John Kampfner

John has had a 25-year career in international public life spanning media, global affairs, UK politics, education, business and arts. He began his journalistic career as a foreign correspondent with the Daily Telegraph, first in East Berlin where he reported on the fall of the Wall and unification of Germany, and then in Moscow at the time of the collapse of Soviet Communism. He went on to become Chief Political Correspondent at the FT and political commentator for the BBC’s Today programme and Newsnight. As Editor of the New Statesman from 2005 to 2008, he took the magazine to 30-year circulation highs. He was Society of Magazine Editors Current Affairs Editor of the Year in 2006. In 2002 he won the Foreign Press Association award for Journalist of the Year and Film of the Year for a two-part BBC film on the Israeli-Palestinian conflict, called ‘The Ugly War’. His film ‘War Spin’ received considerable publicity.
He now writes weekly for the Times and appears regularly in other newspapers such as the FT, Guardian and New European. He has made a number of programmes for BBC Radio 4 and World Service. He frequently appears on the BBC and Sky and other broadcasters. His new book, Why the Germans Do It Better, published by Atlantic, is his sixth. His previous books include the best-selling Blair’s Wars (2003), now a standard text in schools; Freedom For Sale (2009), which was short-listed for the Orwell Prize in 2010 and in 2014 The Rich, from Slaves to Superyachts, A 2000-Year History. He is also a Senior Associate Fellow at the Royal United Services Institute.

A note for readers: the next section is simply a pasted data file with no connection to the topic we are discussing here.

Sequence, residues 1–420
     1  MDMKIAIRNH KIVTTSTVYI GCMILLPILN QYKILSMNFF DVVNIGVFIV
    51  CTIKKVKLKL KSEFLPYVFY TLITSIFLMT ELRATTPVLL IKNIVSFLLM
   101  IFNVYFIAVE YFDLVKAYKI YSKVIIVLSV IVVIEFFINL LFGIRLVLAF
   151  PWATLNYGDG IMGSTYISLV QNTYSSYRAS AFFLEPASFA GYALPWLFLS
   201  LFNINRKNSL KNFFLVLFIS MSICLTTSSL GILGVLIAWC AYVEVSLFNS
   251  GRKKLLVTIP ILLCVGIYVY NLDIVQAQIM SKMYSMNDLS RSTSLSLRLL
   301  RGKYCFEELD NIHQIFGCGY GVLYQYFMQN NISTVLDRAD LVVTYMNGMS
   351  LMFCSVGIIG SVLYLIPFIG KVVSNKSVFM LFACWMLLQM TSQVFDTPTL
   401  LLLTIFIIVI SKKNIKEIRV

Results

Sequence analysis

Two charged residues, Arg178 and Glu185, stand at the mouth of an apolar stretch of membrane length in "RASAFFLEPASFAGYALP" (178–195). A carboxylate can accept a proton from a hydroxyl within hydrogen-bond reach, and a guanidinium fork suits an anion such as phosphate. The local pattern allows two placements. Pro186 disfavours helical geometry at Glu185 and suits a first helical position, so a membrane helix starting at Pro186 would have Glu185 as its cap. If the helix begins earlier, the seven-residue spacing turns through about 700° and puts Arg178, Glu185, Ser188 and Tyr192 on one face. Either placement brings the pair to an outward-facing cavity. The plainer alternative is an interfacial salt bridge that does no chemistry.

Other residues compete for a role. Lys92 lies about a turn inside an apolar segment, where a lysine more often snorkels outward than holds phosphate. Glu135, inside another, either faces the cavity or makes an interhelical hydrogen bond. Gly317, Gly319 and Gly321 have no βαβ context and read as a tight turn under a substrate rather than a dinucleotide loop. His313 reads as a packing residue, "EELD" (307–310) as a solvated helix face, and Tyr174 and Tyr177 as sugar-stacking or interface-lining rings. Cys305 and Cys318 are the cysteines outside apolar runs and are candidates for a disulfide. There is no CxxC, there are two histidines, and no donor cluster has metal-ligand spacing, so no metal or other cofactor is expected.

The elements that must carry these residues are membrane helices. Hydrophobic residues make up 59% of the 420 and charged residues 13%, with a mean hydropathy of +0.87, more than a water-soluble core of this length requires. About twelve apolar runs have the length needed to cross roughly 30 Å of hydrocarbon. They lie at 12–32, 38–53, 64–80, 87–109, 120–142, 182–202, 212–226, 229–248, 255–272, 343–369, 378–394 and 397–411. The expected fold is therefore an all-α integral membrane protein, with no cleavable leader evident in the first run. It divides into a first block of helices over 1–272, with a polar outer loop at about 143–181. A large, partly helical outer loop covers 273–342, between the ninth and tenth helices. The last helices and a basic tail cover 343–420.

In March 2022, he joined Chatham House as Executive Director, UK in the World project. Before that, as a Consulting Fellow, he wrote a three-part series on competitive rivalries in an era of global crisis.

John established the Creative Industries Federation to much acclaim in 2014, providing a single voice for the UK’s creative sector. For eight years he was founder Chair of Turner Contemporary, one of the country’s most successful art galleries. He is now Chair of the House of Illustration. He was awarded an Honorary Doctorate for his services to the arts by Bath Spa University in 2019.

For four years running he was named one of the most influential Londoners in the Evening Standard Progress 1000 survey. Fluent in German and Russian, he regularly speaks at political conferences and cultural festivals around the world.